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A no-deal Brexit is not wanted but is still possible

The UK Parliament has not approved the Withdrawal Agreement endorsed by the former Prime Minister Theresa May and the other 27 EU Member States (EU27) in November 2018, and without this approval and ratification of the Agreement or another agreement, the UK could leave the EU without a deal. Theresa May asked for, and was granted, first a short extension of the Article 50 period to 12 April and then a longer one. Under a European Council Decision of 11 April 2019, the UK has until 31 October to complete ratification of the Withdrawal Agreement or leave without it. The European Union, the May Government and the Parliament of the United Kingdom all agreed that a no-deal (or ‘disorderly’) Brexit was not what they wanted, but it cannot be ruled out and therefore needs to be prepared for. The EU insists that there will be no renegotiation of the 2018 Withdrawal Agreement. The new Government of Boris Johnson appears to be less concerned about a no-deal Brexit and more no-deal funding has been promised.

The EU’s no-deal preparedness programme

If the UK leaves the EU without a withdrawal agreement there will be repercussions for the EU as well as the UK. European Commission preparations to mitigate the impact of a no-deal Brexit began in December 2017, and on 25 March 2019 the Commission declared that its no-deal ‘Brexit preparedness’ programme was complete. The Commission has published 98 ‘preparedness notices’ and 46 legislative measures have been proposed or adopted – for example, legislation amending EU Regulation 2018/1806 will allow short-stay visa-free travel for UK citizens in the EU27 States, on the basis of UK reciprocity (this will also apply in Norway, Iceland, Liechtenstein and Switzerland, which are in the Schengen area).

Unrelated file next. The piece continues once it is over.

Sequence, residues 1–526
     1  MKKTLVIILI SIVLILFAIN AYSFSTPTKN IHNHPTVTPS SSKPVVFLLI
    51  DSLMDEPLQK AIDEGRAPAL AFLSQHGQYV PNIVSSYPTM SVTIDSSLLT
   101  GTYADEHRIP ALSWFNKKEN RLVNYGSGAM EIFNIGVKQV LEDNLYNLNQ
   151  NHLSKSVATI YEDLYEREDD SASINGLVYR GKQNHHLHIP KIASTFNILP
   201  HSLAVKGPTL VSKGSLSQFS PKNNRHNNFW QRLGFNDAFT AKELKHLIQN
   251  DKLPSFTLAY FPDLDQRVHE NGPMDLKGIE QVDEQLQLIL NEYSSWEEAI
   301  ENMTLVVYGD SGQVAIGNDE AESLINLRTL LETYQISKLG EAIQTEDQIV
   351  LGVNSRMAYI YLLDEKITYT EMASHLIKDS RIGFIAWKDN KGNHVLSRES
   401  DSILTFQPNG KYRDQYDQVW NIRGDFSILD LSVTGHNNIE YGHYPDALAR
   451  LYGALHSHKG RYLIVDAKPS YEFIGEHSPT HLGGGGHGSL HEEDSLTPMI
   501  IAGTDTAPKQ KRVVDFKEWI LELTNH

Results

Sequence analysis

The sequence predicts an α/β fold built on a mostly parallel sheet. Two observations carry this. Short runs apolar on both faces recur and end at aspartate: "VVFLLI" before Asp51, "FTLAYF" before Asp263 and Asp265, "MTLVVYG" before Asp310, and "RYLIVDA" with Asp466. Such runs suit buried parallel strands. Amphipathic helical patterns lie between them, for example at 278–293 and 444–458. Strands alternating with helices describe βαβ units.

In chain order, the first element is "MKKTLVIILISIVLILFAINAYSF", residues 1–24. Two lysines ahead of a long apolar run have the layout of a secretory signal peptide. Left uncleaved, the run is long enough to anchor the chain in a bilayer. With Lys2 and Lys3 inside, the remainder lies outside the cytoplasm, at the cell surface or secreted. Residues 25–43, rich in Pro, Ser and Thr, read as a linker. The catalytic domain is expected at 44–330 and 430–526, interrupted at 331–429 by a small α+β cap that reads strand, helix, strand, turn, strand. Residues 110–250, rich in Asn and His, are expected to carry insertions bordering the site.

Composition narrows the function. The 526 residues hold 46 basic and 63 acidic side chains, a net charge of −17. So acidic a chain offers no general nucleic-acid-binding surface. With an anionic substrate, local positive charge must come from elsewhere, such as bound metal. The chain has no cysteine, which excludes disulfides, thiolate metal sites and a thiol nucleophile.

The Commission’s programme is one of damage limitation in areas that would be most seriously affected and could create problems for the EU27. It includes measures in the financial sector, transport and travel, customs and the export of goods, climate policy, agriculture and fisheries, social security coordination, the ERASMUS and PEACE programmes, cooperation in the export of dual-use items, international trade in services and foreign direct investment. The new measures will, for example, facilitate road haulage, rail and aviation continuity between the UK and the EU27, or compensate fishermen for Brexit-related losses. The measures are mostly temporary (around 9-12 months) and a future EU-UK relations agreement is expected to provide long-term arrangements.

The EU has also taken steps to prepare for a shortfall in the EU Budget if the UK does not honour commitments to payments.